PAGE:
Staying on track: 5 tips for writing concisely

by | Jul 23, 2018 | Essays & Research Papers, High school


5 tips for Writing Concisely | Tips for writing concisely include expressing as much as possible without unnecessary words or details and being brief and precise without becoming dry.


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Vigorous writing is concise. A sentence should contain no unnecessary words, a paragraph no unnecessary sentences, for the same reason that a drawing should have no unnecessary lines and a machine no unnecessary parts. This requires not that the writer make all his sentences short, or that he avoid all detail and treat his subjects only in outline, but that every word tell.

~William Strunk, The Elements of Style

Conciseness boils down to this: expressing as much as possible without using unnecessary words or details. Concise writing is brief and precise, but that doesn’t mean it has to be dull and dry. Help your children apply some of these tips for writing concisely.

1. Stay on track

Staying on topic is a surefire way to encourage writing concisely. When your student takes tangents and rabbit trails, he loses his focus and ends up with cumbersome, awkward, or disjointed writing. Help him create an outline before he begins writing so that he’s less likely to wander off the path.

2.  Be precise

The more concrete the word choice, the clearer the writing. Your child can be wordy and say “the shaggy gray dog with the long hair hanging in his eyes,” or he can simply say “the gray sheepdog.”

3. Use plain English

Many students mistakenly think that big words impress. In truth, effective writing uses simple, straightforward language. While a handful of mature, well-placed vocabulary words can raise the level of a story or essay, using too many can make a piece of writing seem verbose, over the top, and just plain hard to read. Unless you’re writing for a scholarly audience, don’t overdo the vocabulary.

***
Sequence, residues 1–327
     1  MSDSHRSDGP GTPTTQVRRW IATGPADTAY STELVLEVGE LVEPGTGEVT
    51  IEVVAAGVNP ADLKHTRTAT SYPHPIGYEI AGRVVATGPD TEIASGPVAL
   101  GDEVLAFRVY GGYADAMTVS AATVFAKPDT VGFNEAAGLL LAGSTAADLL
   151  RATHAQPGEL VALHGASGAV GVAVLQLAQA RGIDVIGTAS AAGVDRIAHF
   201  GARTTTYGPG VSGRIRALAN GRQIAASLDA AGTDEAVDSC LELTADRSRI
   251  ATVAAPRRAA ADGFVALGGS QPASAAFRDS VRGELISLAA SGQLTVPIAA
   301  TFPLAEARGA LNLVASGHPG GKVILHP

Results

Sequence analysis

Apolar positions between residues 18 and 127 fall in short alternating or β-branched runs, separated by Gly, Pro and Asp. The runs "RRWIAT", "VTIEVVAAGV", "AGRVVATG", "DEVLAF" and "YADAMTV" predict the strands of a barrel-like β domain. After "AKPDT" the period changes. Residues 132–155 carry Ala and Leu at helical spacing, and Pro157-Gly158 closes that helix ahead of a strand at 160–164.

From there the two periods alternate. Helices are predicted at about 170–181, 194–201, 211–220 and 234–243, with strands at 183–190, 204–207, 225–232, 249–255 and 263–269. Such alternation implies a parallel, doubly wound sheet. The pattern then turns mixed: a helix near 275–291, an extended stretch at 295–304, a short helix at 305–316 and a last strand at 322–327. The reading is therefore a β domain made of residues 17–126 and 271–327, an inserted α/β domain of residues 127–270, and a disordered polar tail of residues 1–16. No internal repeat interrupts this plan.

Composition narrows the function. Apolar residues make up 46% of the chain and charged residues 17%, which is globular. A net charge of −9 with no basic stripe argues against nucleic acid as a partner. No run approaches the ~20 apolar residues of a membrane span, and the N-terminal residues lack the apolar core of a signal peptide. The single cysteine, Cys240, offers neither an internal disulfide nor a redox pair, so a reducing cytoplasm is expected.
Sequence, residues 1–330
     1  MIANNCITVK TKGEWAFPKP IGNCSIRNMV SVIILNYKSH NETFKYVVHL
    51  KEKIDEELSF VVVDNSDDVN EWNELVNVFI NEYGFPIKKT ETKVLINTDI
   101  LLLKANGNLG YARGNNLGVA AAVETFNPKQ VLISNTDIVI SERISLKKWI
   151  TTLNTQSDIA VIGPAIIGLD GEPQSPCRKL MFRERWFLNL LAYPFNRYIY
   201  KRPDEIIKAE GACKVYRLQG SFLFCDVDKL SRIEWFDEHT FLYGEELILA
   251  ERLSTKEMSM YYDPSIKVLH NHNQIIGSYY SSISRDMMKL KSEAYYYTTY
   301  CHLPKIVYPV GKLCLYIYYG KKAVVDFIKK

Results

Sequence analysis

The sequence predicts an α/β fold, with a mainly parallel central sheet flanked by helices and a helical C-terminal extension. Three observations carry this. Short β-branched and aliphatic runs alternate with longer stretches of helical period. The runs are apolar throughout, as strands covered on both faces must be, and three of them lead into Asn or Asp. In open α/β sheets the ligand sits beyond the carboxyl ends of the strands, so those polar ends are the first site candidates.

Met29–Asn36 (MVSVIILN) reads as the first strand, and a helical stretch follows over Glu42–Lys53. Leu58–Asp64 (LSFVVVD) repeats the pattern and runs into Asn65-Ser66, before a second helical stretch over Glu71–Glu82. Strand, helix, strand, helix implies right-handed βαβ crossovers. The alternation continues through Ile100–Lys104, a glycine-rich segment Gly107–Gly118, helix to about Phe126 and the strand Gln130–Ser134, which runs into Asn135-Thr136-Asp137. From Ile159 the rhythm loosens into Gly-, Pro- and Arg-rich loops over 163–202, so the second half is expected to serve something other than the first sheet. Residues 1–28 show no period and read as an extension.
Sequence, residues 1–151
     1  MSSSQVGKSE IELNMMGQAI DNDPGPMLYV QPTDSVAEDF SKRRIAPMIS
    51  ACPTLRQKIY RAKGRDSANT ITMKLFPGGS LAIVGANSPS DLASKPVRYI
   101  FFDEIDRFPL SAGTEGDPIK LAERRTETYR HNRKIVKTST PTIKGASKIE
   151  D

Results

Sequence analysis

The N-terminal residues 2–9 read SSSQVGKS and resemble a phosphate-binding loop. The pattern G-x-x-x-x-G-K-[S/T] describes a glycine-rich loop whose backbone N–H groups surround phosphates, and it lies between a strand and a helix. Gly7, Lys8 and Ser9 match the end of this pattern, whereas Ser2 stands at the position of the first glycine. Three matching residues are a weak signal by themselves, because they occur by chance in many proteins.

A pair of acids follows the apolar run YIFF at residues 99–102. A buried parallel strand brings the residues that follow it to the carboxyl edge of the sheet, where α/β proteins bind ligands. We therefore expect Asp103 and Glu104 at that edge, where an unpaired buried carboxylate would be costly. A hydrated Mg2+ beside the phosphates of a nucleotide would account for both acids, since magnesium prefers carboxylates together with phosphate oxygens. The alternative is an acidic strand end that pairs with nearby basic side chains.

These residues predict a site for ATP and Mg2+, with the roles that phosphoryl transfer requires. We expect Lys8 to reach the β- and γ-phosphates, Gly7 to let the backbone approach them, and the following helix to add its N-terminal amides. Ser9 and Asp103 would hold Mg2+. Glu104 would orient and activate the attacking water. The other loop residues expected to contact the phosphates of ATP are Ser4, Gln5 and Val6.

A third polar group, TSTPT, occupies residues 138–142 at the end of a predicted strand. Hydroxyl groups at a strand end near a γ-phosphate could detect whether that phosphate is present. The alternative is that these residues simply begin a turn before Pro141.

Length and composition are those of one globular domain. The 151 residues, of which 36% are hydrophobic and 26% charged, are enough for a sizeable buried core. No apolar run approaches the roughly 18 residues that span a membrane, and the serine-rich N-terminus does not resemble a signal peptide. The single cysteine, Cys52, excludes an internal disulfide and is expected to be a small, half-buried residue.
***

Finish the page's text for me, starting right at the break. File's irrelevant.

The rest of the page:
4. Avoid super-long sentences

To train children to be concise, attach a word limit or try restricting the number of paragraphs and sentences they can use. This will help them say what they need to say in the space allotted.

When kids are first learning to write descriptively and use a thesaurus, the pendulum can swing wildly from three-word sentences to 20 or 30-word sentences. It’s okay to give them the freedom to play with words; they’ll find their center over time. Just know that you may need to gently correct if their zeal begins creating log jams in their writing.

5.  Don’t be redundant

Redundancy refers to extra words or phrases that should be cut out. Your student’s ability to write concisely will always trump filling a page with unnecessary text.

It’s not uncommon for beginning writers to repeat themselves. But such repetition bogs down the writing and makes the reader work too hard. Here are two ways to eliminate redundancy:

  • Add concrete details, facts, or examples instead of rehashing the same point.
  • Slash unnecessary words and phrases. Remember: when two words will do the trick, why use a dozen? Encourage your student to read each sentence and paragraph to see if he can cut out any words. His point will be clearer, stronger, and easier to identify.

Encourage your kids to try some of these tips for writing concisely. They may be amazed to discover how sharp and crisp their writing can be!


  1. Jonathan Riley

    Definitely enjoyed this article because I find myself dragging on sentences 40% of the time when I write. Very helpful!

  2. LaShonda Harris

    These are great points! Be precise and get straight to the point!

  3. Ryan Kolquist

    These are great tips!

  4. April Thomas

    Hello everyone! I truly enjoyed this article. My undergraduate studies shaped my foundations of Concise, APA writing. As a mass communications major, getting to the point was the point!

  5. Kim

    So true, Renee. Thank you for taking time to comment!

  6. Renee Robinson

    I learned about this concise wording with radio advertisements. It’s amazing how you learn to get to the point when it has to be done in increments of 10, 30, or 60 second slots to get a point out to 100,000+ people. You communicate better when the message is clear and to the point with the right inflection.

  7. Sherida Morrison

    Great points! I use the “big” words often and I’m guilty but this will be taken into consideration!

  8. Kim

    Absolutely. Laurie! Thank you for taking a moment to comment.

  9. Laurie Bishop

    I believe writings are more descriptive when the point is short, clear and concise. Also keeps a reader from getting bored with the same thing in several paragraphs

  10. Kim

    So true, Tiffany. Thanks for stopping by!

  11. Tiffany Harrison

    I don’t think we ever really consider the logistics of the words we use. What a may seem like a masterpiece to one person and seem like a disaster to another. Very good information to consider.

  12. JoJo Tabares

    Very good points!